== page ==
North Korean Freighter Seized With Cuban Weapon Systems on Board
The news that a North Korean freighter allegedly stuffed with “sophisticated missile equipment” has been intercepted crossing the Panama Canal from Cuba must have many people talking, scratching their heads, and perhaps even flashing back to the 1962 Cuban Missile Crisis. Is history repeating itself? Or is this just a bizarre (badly-executed?) example of Cuba’s knack for extending the life of hold-overs from a bygone era? Are these the military equivalent of Cuba’s famous maquinas, the mid-century American classic cars seemingly impossibly rumbling through the streets of Cuban cities more than half a century later, not out of novelty but necessity?
Let’s start with the fact that there’s plenty we don’t know yet. The Cuban Foreign Ministry has released a statement admitting to the weaponry on board the vessel, and explained the following:
'[T]he vessel was carrying 240 tonnes of obsolete defensive weapons - two anti-aircraft missile complexes, nine missiles in parts and spares, two MiG 21-Bis fighter planes and 15 MiG engines.
The Cuban statement said they were all made in the mid-20th Century and were to be repaired and returned to Cuba.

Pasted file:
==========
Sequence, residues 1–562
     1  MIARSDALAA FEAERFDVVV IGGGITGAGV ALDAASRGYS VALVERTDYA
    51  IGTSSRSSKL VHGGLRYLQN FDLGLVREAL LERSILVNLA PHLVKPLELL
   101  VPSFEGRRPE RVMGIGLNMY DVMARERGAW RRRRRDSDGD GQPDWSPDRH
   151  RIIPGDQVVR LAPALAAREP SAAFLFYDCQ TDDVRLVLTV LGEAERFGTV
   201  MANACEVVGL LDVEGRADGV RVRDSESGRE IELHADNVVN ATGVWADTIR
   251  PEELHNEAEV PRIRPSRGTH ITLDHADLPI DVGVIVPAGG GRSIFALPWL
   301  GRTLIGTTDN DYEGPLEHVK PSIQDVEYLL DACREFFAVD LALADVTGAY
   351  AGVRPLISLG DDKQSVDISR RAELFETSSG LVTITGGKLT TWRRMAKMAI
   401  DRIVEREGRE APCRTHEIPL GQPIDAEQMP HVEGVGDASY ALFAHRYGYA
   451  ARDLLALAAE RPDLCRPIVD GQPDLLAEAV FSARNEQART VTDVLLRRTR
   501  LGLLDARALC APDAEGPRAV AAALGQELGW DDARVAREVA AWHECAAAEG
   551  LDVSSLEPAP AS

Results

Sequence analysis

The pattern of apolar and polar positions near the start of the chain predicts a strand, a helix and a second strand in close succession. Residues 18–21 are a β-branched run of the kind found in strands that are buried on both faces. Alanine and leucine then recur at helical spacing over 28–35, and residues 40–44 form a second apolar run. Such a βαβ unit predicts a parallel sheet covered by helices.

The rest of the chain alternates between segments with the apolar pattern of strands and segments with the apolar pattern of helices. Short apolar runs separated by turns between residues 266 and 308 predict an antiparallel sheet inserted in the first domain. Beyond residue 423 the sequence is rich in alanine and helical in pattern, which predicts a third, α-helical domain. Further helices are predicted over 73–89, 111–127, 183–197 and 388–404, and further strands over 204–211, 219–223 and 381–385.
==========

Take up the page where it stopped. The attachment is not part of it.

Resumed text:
"The agreements subscribed by Cuba in this field are supported by the need to maintain our defensive capacity in order to preserve national sovereignty."
The statement also reaffirmed Cuba’s commitment to "peace, disarmament, including nuclear disarmament, and respect for international law".'
Even though we now have an inventory provided by the Cubans, we still have more questions than answers. Let’s say the 10,000 tons of sugar that was laying conveniently on top of all of this equipment was actually payment for the anticipated repairs to take place in North Korea (because, after all, who else relies on 1950’s era weaponry?), as one analyst has already speculated. If Cuba were within its rights to upgrade the equipment, why was the equipment undeclared at the Canal crossing? Do international restrictions on missile shipments apply even if they aren't intended for North Korea? Was there nowhere else to ship the weapons for upgrades – like, perhaps, Russia? And does Cuba need weapons defense systems in place so badly that it doesn’t matter than these are more than half a century old?
If Raul Castro wasn’t interested in antagonizing the United States by taking in Edward Snowden, why ship arms – Cuba’s or not – to or through North Korea? Surely the Cubans understand the U.S. sensitivities around North Korea, whether they agree with them or not.